"They had no shoes, they were just running around, but they were so happy. We didn't have much equipment either … like a netball and a couple of small netball hoops.

"A lot of them hadn't played netball but they embraced all the little games and drills. They picked it up really quickly.

They were having so much fun.

"But, it's just hard … location, availability of coaches. And it's a really big ask (for a young indigenous girl in remote communities to move to Brisbane to continue her netball pathway) … it'd be so tough to leave."

Born in Newcastle, with stints in Townsville, Canungra and the Gold Coast hinterland while her father was stationed in the army, Mi Mi first took up netball when the family settled in Brisbane.

 

Jemma Mi Mi is determined to become an integral member of the Firebirds outfit.
Jemma Mi Mi is determined to become an integral member of the Firebirds outfit.

 

But the now 24-year-old has had her own hurdles to overcome.
The mid-courter with lightning speed wants to inspire young indigenous girls with her deeds on court as well.

"I definitely felt the pressure, especially last year because I wasn't always on the court all the time," she says.

"I was trying to focus on me and getting out on court but also try and be a role model as well

"I definitely do feel pressure at times but I'm trying to embrace it."

Mi Mi will look to cement a place in the Firebirds starting outfit in 2020 - when the competition finally starts.

The season was to commence earlier this month. A new date for Round 1 has yet to be locked in with the teams still not permitted to train together until at least next month.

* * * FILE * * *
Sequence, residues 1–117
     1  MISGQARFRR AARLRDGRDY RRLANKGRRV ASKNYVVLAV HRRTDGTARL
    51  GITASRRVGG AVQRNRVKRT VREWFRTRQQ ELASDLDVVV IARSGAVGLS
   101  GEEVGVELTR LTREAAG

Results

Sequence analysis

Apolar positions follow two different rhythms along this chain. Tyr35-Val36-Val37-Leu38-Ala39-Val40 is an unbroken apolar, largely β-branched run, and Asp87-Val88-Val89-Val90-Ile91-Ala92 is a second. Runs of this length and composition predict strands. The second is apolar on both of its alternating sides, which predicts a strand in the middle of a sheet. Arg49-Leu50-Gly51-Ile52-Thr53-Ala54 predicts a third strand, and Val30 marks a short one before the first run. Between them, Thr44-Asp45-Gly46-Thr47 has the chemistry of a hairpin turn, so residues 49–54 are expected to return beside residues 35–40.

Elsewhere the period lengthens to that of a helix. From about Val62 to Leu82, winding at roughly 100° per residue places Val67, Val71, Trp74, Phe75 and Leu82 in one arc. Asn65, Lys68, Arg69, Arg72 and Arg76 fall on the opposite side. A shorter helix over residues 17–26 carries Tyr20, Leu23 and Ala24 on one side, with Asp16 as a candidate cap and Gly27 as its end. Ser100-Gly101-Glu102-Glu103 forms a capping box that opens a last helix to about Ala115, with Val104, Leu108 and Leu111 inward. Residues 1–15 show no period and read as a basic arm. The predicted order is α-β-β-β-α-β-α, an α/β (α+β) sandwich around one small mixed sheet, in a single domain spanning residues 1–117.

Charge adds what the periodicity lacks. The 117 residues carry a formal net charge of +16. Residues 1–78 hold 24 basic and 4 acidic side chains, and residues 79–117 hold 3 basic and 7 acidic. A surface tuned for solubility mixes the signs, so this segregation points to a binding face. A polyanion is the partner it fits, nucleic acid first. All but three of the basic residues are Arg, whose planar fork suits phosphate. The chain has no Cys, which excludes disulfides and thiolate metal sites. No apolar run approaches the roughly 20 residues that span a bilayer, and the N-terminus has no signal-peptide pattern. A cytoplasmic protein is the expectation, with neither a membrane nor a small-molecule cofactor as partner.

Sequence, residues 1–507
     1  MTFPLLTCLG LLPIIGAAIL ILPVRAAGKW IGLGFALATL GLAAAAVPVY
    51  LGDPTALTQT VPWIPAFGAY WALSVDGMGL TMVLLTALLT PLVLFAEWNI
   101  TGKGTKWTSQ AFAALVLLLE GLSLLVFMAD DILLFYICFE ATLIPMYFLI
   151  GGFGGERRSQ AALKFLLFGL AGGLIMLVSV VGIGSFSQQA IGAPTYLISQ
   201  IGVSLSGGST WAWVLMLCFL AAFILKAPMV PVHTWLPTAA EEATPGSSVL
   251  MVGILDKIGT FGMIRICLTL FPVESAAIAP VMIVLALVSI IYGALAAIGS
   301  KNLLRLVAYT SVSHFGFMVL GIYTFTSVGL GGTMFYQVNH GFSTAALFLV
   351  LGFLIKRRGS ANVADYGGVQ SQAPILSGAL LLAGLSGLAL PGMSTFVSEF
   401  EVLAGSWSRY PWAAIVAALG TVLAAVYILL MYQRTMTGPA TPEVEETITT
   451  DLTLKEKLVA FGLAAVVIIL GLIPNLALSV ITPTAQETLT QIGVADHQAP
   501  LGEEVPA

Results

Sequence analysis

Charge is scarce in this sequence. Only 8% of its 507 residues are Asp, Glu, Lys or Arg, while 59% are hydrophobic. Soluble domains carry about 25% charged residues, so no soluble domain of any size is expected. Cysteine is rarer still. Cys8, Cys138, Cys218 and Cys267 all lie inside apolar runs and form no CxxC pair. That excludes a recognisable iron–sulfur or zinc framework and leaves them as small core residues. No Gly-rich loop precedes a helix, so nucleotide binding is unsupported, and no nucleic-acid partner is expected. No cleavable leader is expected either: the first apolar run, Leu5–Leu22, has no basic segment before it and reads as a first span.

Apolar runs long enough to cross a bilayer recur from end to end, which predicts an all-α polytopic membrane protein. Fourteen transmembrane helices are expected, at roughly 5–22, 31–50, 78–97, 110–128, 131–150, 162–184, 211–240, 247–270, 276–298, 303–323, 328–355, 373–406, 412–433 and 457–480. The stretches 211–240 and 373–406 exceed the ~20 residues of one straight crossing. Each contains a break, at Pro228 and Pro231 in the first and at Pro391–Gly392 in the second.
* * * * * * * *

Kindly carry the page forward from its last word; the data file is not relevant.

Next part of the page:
"We have been having weekly meetings through our screens, which has been good. Catching up with all the girls and our coaching staff," Mi Mi said.

The players have been given training programs "to keep our bodies moving and get that load into our legs".

"The team that is going to bounce back the quickest is going to really set themselves up well for the season," Mi Mi said.

"I've been pretty lucky. My sisters only live five minutes away, so I'm like. "C'mon, come train with me".

"It's so hard going by yourself.

"With these restrictions easing, I'm so much more eager to get back on court, get the ball in my hands and start training."

 

 

While her bachelor of Clinical Exercise Physiology at the Queensland University of Technology has been put on hold,  Mi Mi has been busy shooting exercise videos, which can be viewed on the Netball Queensland app, Inspire Sport, or Youtube. There you will also see her dogs make cameo appearances.

"They're very happy I'm home a lot more now," she said.

"Every time I put out my yoga mat they think that's their mat, so they'll go and lie on it."

Mi Mi has also filled in time watching the hit Netflix series The Last Dance, about Michael Jordan and the Chicago Bulls NBA dynasty of the 1990s.

"That been really cool. That's probably what's been sparking my eagerness to get back out on court," she said.